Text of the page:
Interesting discussion this morning on Mike and Mike about whether fans’ sentiments should influence sportswriters’ views of certain issues, particularly voting for awards and the Hall of Fame. The prompt for the discussion was an article in USA Today this week by Bob Nightengale. Nightengale said that all-star voting for players previously suspended for PED use – including Nelson Cruz and Melky Cabrera – would be a kind of referendum on whether the fans ultimately care about or forgive PED use.

Greenie introduced the segment by saying that the reason fans don’t get more of what they want from the sports world is that they don’t act like regular consumers. Instead, they act like sheep and sports enterprises respond accordingly. It’s an interesting claim, worthy of a longer discussion. But the premise of the back and forth that followed is that sports writers are more likely to think dispassionately and less likely to be swayed by sentiment and the popular mood in drawing conclusions about whether PED use should affect one’s entry into the Hall of Fame, for example.

Bob Nightengale is a veteran baseball writer. In 1995, he wrote about steroids use in baseball for the LA Times. In the subsequent history of the steroids scandal that article has a kind of fame now both as an early entry in the genre, and because it was essentially ignored.

When in 1998 Mark McGwire and Sammy Sosa engaged in their epic parallel assaults on Roger Maris’ single season home run record, one reporter, Steve Willstein, noted the presence of a bottle of Androstenedione in McGwire’s locker (Andro, to be clear, was not banned by MLB at the time, since it had not yet been banned by the FDA). That observation did not open the door to a more searching probe of what major leaguers were doing at the time to improve their strength. Instead, it brought a good deal of opprobrium for Willstein himself, for killing the national buzz that was the McGwire-Sosa homerun chase.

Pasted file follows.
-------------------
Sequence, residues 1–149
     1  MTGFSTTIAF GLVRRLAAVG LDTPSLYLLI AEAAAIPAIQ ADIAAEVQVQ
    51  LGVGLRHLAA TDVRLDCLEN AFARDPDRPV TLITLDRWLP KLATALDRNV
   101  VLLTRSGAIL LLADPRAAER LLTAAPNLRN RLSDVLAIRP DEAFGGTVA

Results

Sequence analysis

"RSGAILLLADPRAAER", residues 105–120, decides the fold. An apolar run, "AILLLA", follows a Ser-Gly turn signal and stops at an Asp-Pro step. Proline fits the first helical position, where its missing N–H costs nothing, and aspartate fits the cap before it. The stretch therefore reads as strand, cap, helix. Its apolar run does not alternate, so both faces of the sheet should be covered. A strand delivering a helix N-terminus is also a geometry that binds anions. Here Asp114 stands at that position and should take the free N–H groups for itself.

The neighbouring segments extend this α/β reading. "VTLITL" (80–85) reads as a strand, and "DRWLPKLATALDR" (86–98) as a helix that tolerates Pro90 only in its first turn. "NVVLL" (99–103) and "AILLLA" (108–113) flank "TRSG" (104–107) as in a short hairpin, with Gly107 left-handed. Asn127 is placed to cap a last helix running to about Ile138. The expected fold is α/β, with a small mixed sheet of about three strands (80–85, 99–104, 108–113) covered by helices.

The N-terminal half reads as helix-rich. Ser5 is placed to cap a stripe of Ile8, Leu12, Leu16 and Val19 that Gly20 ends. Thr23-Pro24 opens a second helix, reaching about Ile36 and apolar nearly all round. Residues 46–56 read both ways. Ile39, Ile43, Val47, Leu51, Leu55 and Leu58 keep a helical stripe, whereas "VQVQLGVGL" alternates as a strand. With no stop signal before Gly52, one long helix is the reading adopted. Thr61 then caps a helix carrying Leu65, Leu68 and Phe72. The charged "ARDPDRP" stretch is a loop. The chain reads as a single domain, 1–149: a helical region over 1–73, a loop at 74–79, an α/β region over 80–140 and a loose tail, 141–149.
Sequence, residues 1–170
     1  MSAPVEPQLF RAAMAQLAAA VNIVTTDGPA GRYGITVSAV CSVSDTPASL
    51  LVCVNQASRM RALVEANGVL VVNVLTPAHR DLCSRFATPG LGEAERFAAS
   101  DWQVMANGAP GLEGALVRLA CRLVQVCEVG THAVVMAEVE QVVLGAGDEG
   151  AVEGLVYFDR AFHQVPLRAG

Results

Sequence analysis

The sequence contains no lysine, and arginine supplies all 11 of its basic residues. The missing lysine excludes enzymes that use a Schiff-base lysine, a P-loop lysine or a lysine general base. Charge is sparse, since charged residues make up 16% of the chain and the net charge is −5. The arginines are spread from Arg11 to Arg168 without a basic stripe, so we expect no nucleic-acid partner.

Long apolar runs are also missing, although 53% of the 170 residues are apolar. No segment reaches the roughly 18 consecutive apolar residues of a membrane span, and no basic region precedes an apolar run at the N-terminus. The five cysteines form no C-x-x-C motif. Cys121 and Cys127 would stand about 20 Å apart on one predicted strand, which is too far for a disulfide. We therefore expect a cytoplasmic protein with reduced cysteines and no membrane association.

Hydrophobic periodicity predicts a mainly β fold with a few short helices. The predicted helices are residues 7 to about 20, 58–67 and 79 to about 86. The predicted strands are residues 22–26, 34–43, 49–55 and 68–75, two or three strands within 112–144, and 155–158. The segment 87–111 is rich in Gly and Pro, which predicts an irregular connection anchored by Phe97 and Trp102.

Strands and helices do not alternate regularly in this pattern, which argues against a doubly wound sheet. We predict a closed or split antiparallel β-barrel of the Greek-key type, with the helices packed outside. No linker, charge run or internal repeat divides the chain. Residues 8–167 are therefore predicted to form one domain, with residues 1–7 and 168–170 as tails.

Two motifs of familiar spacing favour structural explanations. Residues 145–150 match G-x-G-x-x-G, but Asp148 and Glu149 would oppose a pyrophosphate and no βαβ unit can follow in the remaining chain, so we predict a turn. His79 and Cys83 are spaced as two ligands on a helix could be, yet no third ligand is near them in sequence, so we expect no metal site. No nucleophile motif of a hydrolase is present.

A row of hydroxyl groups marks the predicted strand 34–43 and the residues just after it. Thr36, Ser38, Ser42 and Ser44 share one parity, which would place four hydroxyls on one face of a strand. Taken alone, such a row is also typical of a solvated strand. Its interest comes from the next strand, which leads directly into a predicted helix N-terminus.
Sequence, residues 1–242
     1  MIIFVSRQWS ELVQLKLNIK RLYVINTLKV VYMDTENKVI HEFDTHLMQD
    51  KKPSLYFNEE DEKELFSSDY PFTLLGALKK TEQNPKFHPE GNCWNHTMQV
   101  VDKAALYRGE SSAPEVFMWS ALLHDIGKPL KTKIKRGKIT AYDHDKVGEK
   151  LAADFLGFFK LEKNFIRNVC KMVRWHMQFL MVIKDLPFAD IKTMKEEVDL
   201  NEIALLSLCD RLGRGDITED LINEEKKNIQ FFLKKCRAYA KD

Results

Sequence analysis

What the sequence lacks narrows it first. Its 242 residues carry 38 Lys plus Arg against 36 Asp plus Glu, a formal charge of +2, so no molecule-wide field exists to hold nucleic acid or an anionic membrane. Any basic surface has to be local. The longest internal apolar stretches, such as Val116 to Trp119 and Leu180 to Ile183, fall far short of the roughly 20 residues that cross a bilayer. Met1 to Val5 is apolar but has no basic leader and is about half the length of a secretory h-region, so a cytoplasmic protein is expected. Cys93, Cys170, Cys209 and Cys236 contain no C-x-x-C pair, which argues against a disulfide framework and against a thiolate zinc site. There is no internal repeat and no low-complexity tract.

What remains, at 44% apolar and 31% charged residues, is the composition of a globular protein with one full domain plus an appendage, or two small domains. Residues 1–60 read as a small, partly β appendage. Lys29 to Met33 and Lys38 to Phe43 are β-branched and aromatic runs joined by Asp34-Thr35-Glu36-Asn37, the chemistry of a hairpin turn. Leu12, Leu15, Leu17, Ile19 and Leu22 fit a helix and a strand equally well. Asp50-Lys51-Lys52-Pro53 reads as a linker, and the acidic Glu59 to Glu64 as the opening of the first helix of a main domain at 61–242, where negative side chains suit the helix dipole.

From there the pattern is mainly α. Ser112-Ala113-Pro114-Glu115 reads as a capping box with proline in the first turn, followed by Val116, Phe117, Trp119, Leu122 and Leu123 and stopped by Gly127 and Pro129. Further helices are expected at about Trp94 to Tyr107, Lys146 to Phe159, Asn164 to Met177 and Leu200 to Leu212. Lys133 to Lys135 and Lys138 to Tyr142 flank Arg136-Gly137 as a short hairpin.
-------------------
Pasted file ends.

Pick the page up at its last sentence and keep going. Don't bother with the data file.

Eventually, the landscape upon which sentiments about steroids/PED use changed profoundly. And many sportswriters and commentators have happily taken up the familiar perch of moral scolds in connection with that issue.

But the notion that sports commentators are better positioned to think dispassionately about these issues in evaluating who should be the MVP, or play in an all-star game or enter the Hall of Fame is a questionable one. They are, like media types more generally, highly susceptible to groupthink, to conventional wisdom in its worst sense, to lazy shortcuts when they don’t want to grapple with complicated data or ideas and when their priority is professional comfort and access. I am generalizing – there are plenty of great, independent-minded, sharp commentators who don’t go along to get along. In the realm of sports, Dan LeBatard is one good example.

Maybe I am in an especially uncharitable mood these days because of the amazing spectacle of highly respected members of the elite liberal media writing truly pathetic hatchet jobs of Glenn Greenwald’s new book about the events surrounding Edward Snowden and the NSA disclosures, No Place to Hide. One of those was penned by the veteran pundit, Michael Kinsley, who skewered Greenwald in the New York Times for daring not to defer to the government in determining whether the public had the right to know about mass invasions of its privacy. Kinsley’s review prompted a strongly worded response from the Times’ own public editor who, embarrassingly, had to explain to Kinsley the purposes of the first amendment and journalists’ responsibility relative to it.

To clarify, Mike and Mike’s position on PED use and Hall of Fame voting is the same as my own. They both think the players should be elected or not based on their performance on the field. If you want to note with an asterisk or whatever those players in the Hall who were associated with such use, fine. And Mike and Mike were not at all pooh-poohing the role that fans might play in influencing voting by sportswriters. Indeed, when it comes to PED use, Mike and Mike (especially Golic) are a breath of fresh (and unsanctimonious) air.

However, the record of baseball writers (and certain commissioners, ahem) when it comes to the so-called steroid era and its aftermath is not the story of a group of dispassionate professionals facing off against a parochial and emotion-driven public. It’s the story of a professional group whose frequent sanctimony reflects its inability to acknowledge fully its own biases and skewed incentives.



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